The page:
To date, only symptomatic therapies for Alzheimer disease are available and thus do not act on the evolution of the disease. All drugs approved by the US Food and Drug Administration for the treatment of Alzheimer disease modulate neurotransmitters, either acetylcholine or glutamate. The standard medical treatment for Alzheimer disease includes ChEIs and a partial NMDA antagonist.
The mainstay of management of vascular dementia is the prevention of new strokes. This includes administering antiplatelet drugs and controlling major vascular risk factors. Aspirin may slow the progression of vascular dementia. Drug treatment is primarily used to prevent further worsening of vascular dementia by treating the underlying disease, such as hypertension, hyperlipidemia, or diabetes mellitus. Antiplatelet agents are indicated.
Hallucinations and agitation are especially troublesome in Lewy body dementia. When these symptoms are mild, no medical treatment may be necessary. When medication is used, acetylcholinesterase inhibitors should usually be tried first. Cholinesterase inhibitors that may be effective in the treatment of Lewy body dementia include donepezil and galantamine. Atypical neuroleptics, such as clozapine, quetiapine, or aripiprazole, may be indicated if cholinesterase inhibitors are ineffective. Avoid standard neuroleptics, such as haloperidol, because of neuroleptic sensitivity.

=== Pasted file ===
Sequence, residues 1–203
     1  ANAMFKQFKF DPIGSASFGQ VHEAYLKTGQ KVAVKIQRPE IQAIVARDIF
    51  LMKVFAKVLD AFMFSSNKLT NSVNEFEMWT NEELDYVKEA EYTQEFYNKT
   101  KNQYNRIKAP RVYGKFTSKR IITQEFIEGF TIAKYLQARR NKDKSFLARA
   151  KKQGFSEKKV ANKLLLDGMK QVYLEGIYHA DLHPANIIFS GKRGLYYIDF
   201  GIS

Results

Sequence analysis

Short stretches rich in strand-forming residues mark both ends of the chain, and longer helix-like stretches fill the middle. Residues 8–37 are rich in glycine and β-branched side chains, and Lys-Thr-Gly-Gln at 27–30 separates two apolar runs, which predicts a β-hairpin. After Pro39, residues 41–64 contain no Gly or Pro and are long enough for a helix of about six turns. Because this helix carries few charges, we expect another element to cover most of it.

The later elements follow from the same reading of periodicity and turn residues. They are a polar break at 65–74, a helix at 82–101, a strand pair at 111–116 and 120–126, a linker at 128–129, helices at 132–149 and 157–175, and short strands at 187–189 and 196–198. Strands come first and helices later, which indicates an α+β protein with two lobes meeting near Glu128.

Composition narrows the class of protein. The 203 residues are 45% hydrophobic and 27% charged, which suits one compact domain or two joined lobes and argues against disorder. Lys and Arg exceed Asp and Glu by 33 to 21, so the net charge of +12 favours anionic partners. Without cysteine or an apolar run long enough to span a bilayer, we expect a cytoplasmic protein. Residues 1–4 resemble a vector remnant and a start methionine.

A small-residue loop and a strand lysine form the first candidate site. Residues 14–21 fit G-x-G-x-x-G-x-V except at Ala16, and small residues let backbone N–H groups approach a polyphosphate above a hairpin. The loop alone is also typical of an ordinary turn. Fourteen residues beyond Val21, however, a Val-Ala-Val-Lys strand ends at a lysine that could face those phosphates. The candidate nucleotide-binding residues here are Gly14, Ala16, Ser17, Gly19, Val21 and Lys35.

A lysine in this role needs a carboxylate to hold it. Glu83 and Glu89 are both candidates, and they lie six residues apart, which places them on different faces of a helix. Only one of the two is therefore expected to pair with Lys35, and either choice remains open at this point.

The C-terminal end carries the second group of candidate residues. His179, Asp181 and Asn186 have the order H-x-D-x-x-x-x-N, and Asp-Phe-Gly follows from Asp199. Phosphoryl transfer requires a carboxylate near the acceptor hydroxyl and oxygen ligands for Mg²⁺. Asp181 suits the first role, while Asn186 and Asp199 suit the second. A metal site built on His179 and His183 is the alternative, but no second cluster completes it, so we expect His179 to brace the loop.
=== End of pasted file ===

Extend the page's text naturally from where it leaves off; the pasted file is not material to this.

Neurotransmitter-based treatments, analogous to the use of dopaminergic agents in Parkinson disease or anticholinesterase agents in Alzheimer disease, have not proven beneficial in frontotemporal lobe dementia.
Read more about the treatment of Alzheimer disease.
This Fast Five Quiz was excerpted and adapted from the Medscape Drugs & Diseases articles Dementia Pathology, Alzheimer Disease, Vascular Dementia, Lewy Body Dementia, and Frontotemporal Dementia and Frontotemporal Lobar Degeneration.
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Cite this: Helmi L. Lutsep. Fast Five Quiz: Dementia Key Aspects - Medscape - May 21, 2020.